Last fall, Andrew Frey, a local apartment developer with an interest in sustainable building, made the decision to look for a new car. The hybrid he’d been driving was not coming close to the mileage he anticipated and he had a new baby boy. So he set himself a goal.
“I was going to the cutting edge,” he said. “Nobody out there could say they had a more fuel efficient car than me.”
Then he did what many of us to do when we need to answer a pressing question. He Googled it.
What he found was the Ford Focus Electric, which requires absolutely no fuel, and averages the highest ever city mileage for a five-passenger electric car. While the Chevrolet Volt, the Toyota Prius plug-in and the Nissan Leaf have far outsold the Focus, introduced just last year, the Focus has improved electric technology, the new darling of efficiency, prompting critics to sing its praises and give it high ratings.
Frey tracked down the only local dealer authorized at the time to sell it, Metro Ford in Miami, and in October he became the proud first buyer at a South Florida dealership. Last month, after installing a charging station at his Coconut Grove house and impatiently waiting when Ford decided to pull his car from the line to ensure everything was working perfectly, Frey’s zippy black Focus arrived.
And so far, so good. With a range of 76 miles per charge, he’s been able to go everywhere he needs to go by simply plugging in his car overnight. His electric bill rose, but only by 20 percent, he said. He forgot to plug in the car one night, but had enough charge on the car’s battery to take care of business the next day.
“You get comfortable with what your parameters are. And it’s not a bad thing,” he said. “It’s nice to be conscious of your energy consumption, i you care about things like that.”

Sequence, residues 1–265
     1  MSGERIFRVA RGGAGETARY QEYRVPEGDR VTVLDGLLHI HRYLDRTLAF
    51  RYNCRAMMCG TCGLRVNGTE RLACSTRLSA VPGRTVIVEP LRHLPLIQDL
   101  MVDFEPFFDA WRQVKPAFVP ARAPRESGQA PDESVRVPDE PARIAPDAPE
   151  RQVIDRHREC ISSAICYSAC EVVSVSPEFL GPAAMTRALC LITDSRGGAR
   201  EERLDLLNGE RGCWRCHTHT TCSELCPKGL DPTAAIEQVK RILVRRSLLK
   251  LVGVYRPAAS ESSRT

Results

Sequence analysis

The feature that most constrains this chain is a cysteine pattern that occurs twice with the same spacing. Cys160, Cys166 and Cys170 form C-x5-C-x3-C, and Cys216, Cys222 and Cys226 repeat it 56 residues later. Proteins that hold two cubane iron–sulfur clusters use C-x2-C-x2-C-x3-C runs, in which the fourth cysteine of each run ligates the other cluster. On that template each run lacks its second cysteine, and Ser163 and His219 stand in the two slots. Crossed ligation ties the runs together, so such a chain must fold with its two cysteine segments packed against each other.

Fourteen years ago Honda introduced the first mass-produced hybrid in the United States, followed a year later by the Toyota Prius, the first four-door sedan. In the years that followed, the demand for hybrids has been clear, with sales in the United States exceeding 2.5 million vehicles. But all-electric plug-ins are having a tougher go.
Over the years, the technology centered in Europe, with Fiat, Citroen, Volkswagen and even a Russian car company selling plug-in cars. The Netherlands is now developing a national grid of charging stations to bolster electric vehicle use.
But in the United States, progress has been slower. General Motors and Toyota made electric vehicles available as early as the mid 1990s, but for leasing only. In March 2008, Tesla launched its Roadster, but at a prohibitively expensive cost of $109,500. Still, nearly 2,500 of the cars sold and Tesla became an innovator in technology. At this year’s Detroit auto shows, it unveiled a model that can travel almost 300 miles on a fully charged battery.
It wasn’t until December 2010, that the United States saw more reasonably priced, highway capable vehicles when Nissan and General Motors launched their Leaf and Volt. Ford rolled out its first electric Focus in California in May.
While just over 50,000 of the vehicles sold in the United States last year, that is triple the number from the year before. And automakers say they are committed to the technology despite sluggish sales. General Motors announced plans at the January auto shows to begin producing an upscale version of the plug-in Volt in the form of the Cadillac ELR. Nissan, meanwhile is stripping down a version of the Leaf to offer a cheaper base model. In the next two years, BMW will begin selling its i3, followed by a Mercedes B-Class and models from Volkswagen and Audi.